Best Foot Forward
North Atlantic Puffin on Hirta, St Kilda
Dun Island and the north Atlantic beyond, stretching as far as the eye can see.
North Atlantic Puffin coming in to land on Hirta, St Kilda
Main Street, Hirta
The ruins and partly restored remains of the main village street on Hirta, St Kilda. The residents evacuated the islands in 1930. This area is now a UNESCO cultural World Heritage Site.
Razorbills are the closest living relative to the now extinct great auk. A pair can be seen here apparently flying in formation near Boreray, St Kilda.
Rising from the Mist
One of Europe's largest gannet colonies, St Kilda boasts about 150,000 northern gannets on the cliffs on Boreray and the nearby giant sea stacks. Here a gannet rises clear of the mist above the cliffs of Boreray.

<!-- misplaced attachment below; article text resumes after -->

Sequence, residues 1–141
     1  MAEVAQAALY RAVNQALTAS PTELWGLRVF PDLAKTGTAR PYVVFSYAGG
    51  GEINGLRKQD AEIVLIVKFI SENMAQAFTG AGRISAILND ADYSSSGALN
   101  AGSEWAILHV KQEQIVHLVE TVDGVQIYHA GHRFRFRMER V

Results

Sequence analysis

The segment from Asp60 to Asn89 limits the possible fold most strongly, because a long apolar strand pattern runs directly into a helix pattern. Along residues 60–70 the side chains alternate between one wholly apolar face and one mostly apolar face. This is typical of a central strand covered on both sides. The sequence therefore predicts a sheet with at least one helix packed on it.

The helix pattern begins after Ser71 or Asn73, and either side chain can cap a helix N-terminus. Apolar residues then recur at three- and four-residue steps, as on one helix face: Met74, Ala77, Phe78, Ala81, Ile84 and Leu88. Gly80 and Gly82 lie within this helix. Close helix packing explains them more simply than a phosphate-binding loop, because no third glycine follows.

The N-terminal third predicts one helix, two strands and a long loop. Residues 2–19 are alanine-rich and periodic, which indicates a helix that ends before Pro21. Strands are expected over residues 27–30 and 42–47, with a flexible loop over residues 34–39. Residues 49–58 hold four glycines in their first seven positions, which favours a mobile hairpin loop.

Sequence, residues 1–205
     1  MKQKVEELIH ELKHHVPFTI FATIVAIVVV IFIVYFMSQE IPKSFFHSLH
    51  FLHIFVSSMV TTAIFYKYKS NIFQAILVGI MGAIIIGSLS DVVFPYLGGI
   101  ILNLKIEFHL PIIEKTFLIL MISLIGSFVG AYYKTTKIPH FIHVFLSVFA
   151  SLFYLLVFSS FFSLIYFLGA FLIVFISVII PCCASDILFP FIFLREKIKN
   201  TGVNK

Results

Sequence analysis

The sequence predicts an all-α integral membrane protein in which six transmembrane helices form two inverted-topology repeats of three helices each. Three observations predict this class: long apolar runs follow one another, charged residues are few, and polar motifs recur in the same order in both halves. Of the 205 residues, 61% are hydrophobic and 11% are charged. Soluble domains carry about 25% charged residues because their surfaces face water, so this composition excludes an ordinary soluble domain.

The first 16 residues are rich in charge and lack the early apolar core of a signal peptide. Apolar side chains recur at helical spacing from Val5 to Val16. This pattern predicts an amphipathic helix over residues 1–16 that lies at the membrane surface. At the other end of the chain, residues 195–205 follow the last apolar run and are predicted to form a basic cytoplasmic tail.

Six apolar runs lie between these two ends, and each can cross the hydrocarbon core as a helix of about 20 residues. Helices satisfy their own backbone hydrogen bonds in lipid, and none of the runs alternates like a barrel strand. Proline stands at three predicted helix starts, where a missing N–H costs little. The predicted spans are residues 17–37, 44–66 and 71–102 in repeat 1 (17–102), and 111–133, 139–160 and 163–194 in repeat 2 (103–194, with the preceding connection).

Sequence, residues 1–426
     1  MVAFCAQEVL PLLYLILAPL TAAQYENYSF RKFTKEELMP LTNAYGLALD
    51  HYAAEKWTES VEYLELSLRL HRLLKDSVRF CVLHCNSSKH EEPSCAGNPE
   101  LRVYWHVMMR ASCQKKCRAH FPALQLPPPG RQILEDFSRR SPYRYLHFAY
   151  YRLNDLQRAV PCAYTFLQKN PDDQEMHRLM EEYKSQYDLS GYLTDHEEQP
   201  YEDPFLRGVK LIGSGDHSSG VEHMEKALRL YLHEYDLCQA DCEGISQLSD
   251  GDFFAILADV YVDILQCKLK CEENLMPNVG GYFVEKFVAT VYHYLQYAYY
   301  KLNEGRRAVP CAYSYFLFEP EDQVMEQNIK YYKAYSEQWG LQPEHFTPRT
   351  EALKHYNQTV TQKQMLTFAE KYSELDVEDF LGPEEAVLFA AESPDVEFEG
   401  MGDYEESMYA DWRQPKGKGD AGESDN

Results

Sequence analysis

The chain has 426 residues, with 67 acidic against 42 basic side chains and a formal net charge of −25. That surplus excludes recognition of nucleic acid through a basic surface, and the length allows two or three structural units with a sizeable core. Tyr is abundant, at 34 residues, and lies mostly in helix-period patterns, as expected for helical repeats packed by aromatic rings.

A tiny rock pippit perches on the 430m high cliffs of Conachair, St Kilda, the highest sea cliff in the British Isles. The sun rises behind.
A northern fulmar hovers in the updraft of high winds, disturbing a nesting pair on a ledge on the cliffs of Conachair, St Kilda.
Rays of the Sunrise
Two distant northern fulmar glide above the waves of the north Atlantic to the backdrop of a spectacular sunrise. St Kilda.
St Kilda Mouse
Tempted from its hidey-hole by a few strategically placed dry-roasted peanuts, a St Kilda field mouse comes into view. This endemic creature, one of only two mammals on the island of Hirta (the other being feral sheep) is nearly twice the size of its mainland cousins.
A northern fulmar chick nestles on the cliffs of Mullach Bi, waiting impatiently for its parent to return with sustenance.
Farewell St Kilda
Looking back towards Dun and Hirta, St Kilda. A lone gannet flies across the moody sky.